Poem for the Blind
There is a steel barrel in front of you.
Feel around the lip of the barrel,
a ring of rust. Slip your hand down
into the barrel until it
submerges into the dry center.
Pull out a large bruised pear
and handle the pear
in front of your face. Gently press
your fingers into the largest bruise.
It is the closed eye of an old woman—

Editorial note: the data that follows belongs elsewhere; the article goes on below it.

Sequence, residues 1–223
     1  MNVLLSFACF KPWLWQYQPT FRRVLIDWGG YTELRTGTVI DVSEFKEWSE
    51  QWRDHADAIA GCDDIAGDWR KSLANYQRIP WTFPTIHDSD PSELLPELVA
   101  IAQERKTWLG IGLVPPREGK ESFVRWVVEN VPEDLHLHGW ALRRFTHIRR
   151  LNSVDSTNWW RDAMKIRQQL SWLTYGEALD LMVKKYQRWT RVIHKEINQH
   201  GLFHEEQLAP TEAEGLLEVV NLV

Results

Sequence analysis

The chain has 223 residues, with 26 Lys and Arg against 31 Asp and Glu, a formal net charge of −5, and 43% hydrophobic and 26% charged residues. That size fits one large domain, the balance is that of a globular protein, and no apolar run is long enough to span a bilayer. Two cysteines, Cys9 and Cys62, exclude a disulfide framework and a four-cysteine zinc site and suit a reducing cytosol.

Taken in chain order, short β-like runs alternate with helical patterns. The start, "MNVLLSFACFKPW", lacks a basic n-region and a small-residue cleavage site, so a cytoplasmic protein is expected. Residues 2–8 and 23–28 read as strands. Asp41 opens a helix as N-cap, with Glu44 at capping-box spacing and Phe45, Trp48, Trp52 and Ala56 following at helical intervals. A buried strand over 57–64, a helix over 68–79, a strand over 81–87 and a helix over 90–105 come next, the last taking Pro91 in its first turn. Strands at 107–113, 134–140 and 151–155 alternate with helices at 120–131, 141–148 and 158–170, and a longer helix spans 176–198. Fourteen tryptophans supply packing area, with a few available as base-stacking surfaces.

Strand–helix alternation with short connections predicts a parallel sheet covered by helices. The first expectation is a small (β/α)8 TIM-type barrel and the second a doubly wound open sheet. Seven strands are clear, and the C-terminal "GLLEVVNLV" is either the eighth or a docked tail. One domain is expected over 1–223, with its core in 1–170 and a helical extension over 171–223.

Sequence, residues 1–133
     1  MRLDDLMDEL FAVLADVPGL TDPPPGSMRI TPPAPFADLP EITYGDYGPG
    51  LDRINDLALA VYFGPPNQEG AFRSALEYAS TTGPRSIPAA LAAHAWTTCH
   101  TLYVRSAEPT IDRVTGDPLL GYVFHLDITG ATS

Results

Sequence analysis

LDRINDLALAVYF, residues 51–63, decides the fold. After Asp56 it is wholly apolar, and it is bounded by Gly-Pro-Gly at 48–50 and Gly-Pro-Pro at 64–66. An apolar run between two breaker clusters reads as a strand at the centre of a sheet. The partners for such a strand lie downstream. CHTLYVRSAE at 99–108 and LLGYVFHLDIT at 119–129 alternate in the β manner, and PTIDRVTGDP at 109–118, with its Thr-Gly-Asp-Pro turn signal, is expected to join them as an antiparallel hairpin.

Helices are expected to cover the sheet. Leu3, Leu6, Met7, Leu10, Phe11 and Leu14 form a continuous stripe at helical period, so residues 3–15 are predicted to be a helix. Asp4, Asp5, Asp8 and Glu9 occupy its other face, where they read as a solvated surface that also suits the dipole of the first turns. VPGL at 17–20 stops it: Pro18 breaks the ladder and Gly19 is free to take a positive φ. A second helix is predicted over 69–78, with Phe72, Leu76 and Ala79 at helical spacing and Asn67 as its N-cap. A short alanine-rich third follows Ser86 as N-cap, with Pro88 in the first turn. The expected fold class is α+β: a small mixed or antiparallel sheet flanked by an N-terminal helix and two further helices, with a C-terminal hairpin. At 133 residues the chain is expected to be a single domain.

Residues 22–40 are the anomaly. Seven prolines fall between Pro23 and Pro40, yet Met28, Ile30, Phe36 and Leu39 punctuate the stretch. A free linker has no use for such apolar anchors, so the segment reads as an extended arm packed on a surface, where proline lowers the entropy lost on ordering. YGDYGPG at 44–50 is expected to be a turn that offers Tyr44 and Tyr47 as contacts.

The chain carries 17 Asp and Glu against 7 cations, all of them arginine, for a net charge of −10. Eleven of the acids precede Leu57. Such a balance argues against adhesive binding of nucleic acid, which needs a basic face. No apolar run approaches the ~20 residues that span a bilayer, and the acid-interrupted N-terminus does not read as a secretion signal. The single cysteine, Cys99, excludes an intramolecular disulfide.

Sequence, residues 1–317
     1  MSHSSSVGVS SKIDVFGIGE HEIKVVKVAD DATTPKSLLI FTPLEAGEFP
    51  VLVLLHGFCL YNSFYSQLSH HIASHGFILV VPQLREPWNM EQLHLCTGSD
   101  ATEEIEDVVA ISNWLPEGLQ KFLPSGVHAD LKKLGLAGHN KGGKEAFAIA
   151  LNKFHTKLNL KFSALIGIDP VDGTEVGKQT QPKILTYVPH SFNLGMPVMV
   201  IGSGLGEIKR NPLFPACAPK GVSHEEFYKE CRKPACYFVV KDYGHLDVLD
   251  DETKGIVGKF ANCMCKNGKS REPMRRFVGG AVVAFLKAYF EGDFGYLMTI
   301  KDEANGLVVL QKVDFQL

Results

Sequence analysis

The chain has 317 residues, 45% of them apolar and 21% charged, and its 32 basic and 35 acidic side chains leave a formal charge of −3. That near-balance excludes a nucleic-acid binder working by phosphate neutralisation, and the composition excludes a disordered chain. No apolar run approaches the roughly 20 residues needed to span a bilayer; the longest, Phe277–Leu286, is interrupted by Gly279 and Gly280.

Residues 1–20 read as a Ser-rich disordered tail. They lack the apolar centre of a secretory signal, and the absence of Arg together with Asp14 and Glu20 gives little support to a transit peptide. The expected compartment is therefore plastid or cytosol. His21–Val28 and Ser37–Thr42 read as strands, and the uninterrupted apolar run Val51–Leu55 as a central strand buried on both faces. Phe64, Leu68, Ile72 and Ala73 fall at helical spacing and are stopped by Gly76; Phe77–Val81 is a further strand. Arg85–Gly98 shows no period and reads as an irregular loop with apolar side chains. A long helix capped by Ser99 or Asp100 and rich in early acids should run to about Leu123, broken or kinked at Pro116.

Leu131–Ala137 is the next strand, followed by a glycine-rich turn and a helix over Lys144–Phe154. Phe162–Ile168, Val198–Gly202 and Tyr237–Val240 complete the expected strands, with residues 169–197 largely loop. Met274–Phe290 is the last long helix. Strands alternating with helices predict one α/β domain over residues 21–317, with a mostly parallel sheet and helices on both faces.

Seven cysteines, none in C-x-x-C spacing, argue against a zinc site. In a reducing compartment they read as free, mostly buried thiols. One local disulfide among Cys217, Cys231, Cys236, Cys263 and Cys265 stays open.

her skin smooth as a hound’s ear.
She no longer smiles. Set the pear down
and walk toward a museum T-rex,
the sabers of his mouth warm
as the bulbs of antique
Christmas lights, thousands
of soap bubbles between his teeth
in his open mouth, and in the bubbles
a man’s face surfaces,
in the skin of his face deep purpleno one can reach.
(Published in Plainsongs.)